Of the 1,280 fatalities on Tennessee highways in 2004, about a third (420) involved at least one driver with a Blood Alcohol Concentration of .08 or greater. 238 of those deaths involved at least one driver with a Blood Alcohol Concentration of .16 or higher.
It is illegal to drive in Tennessee with:
If you have no prior offenses in the last ten years, you are considered a first time offender. However, if you have a prior offense within ten years, then the court will consider all offenses you might have had in the last twenty years.
For Example: An offender with a conviction 11 years ago is considered a first time offender, but an offender with convictions 7 and 11 years ago will be sentenced as a third time offender.
Fourth and Subsequent Offenses
Minor (18 years old and younger) in the Car, First Time Offender
The judge has discretion to order probation or not. Probation may be set as high as the difference between the maximum possible sentence and the actual sentence. The judge has the ability to set any standards for probation that are reasonably related to the offense, but always has to impose: (1) participation in a DUI program, (2) participation in a rehab program (only available on second and subsequent offenses), (3) restitution for anyone injured as a result of the drunk driving, and (4) drug and alcohol assessment and treatment (if the convicted person has a prior offense in the last 5 years).
Ignition Interlock Devices
The court may, at its discretion, order the application of an ignition interlock system to the motor vehicle of any offender. This system will stay on for up to one year after the end of the license suspension period of the driver. The system may be calibrated so that it will not allow the car to start if the driver’s Blood Alcohol Concentration is .025 or greater.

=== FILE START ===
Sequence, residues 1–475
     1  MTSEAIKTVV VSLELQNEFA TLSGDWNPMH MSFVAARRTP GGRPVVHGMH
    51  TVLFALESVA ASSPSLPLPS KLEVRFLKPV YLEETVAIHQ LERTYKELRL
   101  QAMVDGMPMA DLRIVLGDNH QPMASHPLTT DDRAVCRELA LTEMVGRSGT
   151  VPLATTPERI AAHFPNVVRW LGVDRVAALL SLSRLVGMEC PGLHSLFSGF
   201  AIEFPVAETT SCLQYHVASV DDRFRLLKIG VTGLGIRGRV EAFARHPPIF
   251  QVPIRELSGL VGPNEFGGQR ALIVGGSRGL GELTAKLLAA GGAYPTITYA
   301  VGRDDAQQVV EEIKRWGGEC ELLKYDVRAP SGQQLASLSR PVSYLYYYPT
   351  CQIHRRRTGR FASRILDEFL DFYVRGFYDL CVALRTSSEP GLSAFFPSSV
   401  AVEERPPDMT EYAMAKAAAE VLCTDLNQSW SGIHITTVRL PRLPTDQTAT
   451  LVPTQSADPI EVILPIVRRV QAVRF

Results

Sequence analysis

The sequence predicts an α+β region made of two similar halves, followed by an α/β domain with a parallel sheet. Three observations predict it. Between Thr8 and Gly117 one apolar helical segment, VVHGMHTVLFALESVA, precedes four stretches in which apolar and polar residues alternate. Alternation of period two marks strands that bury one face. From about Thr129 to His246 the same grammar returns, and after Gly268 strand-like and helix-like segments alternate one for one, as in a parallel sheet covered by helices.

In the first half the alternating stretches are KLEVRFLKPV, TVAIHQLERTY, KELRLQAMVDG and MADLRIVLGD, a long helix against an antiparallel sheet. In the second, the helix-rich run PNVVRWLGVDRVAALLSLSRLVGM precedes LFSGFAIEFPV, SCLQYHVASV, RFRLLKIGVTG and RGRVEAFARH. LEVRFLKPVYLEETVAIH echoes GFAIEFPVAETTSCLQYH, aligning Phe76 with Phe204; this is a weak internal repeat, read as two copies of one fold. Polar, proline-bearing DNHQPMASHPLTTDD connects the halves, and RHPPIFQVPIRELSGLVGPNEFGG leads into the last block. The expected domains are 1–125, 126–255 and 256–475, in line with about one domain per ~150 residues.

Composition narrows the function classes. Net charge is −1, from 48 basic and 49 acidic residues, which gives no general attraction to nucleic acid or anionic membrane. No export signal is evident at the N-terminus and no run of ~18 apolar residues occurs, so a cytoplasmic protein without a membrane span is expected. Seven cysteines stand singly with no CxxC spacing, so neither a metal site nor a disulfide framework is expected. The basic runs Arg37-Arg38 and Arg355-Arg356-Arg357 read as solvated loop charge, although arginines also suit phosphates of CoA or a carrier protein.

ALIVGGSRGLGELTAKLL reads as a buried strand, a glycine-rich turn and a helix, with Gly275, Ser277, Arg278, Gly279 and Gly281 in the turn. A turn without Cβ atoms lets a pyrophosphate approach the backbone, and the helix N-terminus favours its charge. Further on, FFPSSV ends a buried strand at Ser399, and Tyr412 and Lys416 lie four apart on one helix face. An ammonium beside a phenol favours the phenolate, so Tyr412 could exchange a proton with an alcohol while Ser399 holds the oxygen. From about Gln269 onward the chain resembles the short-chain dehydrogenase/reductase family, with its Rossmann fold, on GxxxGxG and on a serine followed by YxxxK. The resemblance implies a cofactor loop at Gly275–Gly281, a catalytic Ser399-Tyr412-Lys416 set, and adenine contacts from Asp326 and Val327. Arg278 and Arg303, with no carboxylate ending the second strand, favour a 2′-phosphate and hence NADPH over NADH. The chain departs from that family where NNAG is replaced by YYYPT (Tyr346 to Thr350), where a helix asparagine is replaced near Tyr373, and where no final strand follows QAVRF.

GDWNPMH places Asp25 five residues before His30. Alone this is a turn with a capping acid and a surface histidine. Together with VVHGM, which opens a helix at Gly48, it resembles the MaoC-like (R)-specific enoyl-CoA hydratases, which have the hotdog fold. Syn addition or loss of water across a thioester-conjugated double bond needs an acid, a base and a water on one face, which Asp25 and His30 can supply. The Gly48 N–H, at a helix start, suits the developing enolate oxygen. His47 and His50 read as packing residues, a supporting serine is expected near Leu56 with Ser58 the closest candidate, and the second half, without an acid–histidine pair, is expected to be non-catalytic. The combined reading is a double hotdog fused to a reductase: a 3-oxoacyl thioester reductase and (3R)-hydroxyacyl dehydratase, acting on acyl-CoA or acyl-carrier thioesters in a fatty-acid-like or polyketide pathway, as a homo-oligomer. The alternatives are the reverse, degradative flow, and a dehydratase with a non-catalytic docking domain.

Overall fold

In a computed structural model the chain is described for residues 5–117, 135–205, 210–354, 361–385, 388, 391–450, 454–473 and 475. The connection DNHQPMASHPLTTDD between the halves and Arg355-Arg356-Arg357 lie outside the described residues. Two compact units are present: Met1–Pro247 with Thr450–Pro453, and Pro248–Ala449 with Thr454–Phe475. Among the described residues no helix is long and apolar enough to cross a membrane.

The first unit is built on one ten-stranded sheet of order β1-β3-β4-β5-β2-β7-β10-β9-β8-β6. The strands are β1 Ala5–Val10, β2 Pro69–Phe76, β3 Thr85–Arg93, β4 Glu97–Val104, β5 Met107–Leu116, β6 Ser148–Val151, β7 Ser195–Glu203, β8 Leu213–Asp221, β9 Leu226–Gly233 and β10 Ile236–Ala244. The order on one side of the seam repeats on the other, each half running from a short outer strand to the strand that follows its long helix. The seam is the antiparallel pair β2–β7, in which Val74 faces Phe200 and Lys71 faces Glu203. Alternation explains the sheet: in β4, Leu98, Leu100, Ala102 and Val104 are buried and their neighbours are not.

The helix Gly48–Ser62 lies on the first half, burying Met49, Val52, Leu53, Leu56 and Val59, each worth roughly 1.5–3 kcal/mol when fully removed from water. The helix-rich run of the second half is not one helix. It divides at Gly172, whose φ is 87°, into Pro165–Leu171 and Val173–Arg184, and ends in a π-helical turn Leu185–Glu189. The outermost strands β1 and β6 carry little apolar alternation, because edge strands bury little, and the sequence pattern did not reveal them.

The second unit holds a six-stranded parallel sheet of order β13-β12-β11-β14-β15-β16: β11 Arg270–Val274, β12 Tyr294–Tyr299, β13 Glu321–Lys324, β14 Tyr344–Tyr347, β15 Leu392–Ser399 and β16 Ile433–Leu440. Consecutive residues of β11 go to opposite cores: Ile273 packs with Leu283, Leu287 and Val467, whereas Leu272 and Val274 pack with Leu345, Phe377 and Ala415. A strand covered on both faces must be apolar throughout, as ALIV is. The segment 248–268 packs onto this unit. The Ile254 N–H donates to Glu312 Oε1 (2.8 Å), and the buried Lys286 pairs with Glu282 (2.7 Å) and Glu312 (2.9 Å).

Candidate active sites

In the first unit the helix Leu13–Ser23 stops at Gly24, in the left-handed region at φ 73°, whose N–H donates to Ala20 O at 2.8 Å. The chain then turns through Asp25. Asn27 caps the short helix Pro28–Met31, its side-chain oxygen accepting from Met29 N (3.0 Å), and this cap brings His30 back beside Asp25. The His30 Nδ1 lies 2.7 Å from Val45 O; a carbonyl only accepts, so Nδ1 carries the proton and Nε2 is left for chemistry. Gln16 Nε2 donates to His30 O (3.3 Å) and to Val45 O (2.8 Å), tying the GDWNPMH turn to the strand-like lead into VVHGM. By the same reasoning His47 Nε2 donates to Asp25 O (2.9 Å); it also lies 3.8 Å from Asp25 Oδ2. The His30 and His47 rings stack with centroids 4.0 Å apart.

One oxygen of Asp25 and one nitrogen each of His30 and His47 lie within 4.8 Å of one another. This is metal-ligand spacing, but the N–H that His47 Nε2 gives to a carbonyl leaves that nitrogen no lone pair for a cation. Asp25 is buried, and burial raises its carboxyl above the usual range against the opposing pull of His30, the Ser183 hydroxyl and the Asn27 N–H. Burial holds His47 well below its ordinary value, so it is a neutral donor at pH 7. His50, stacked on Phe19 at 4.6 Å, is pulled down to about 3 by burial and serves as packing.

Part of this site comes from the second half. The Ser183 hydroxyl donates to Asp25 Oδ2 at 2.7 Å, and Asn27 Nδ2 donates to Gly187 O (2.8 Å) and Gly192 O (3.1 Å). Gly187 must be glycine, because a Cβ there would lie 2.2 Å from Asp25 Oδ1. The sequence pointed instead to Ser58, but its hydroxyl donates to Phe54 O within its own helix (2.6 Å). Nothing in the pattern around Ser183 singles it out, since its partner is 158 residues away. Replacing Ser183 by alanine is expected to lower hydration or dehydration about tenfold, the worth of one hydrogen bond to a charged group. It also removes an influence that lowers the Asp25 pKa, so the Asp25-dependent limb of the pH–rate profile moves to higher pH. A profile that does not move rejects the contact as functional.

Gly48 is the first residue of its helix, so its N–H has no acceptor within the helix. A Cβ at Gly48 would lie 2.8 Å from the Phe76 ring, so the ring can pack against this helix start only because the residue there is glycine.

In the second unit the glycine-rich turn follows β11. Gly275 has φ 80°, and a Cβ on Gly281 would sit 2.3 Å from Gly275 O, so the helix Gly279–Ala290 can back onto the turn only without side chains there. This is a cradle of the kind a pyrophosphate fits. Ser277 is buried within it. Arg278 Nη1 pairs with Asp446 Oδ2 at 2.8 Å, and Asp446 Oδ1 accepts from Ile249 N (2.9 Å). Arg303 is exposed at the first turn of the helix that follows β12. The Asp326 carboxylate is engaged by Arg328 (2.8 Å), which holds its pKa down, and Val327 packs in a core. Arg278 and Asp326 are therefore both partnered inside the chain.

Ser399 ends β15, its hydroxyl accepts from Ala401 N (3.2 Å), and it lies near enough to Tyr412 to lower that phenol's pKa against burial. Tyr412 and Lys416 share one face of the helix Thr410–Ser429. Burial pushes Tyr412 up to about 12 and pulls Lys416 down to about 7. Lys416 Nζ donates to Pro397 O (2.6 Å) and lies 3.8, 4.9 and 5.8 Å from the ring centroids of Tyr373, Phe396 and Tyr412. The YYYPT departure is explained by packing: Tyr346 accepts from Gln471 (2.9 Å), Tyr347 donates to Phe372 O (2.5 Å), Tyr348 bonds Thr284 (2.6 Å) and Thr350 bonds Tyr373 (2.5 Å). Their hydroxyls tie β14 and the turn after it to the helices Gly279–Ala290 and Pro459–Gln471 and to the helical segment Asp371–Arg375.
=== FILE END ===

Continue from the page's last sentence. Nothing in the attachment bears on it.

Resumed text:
DUI Under 21
The legal limit for those under the age of 21 is a blood alcohol concentration of .02.
If the offender is between the ages of 18 and 21, this is punishable as a Class A misdemeanor. This means a fine of $250 and a license suspension for one year. The court may also sentence the offender to community service.
If the offender is between the ages of 16 and 18, this is punishable with the same penalties. However, because state law prohibits adult charges being given to those under 18, this is not classified as a Class A Misdemeanor.
If the court has suspended or revoked your license, you may request a restricted one instead. The restricted license allows you to drive to and from:
Restricted licenses are unavailable to anyone who has a prior DUI conviction in the last 10 years.
Tennessee law says that anyone driving on a highway has given his implied consent to be tested for blood alcohol concentration. Of course, you retain the right to refuse this testing, but the penalties for refusal is additional license revocation of: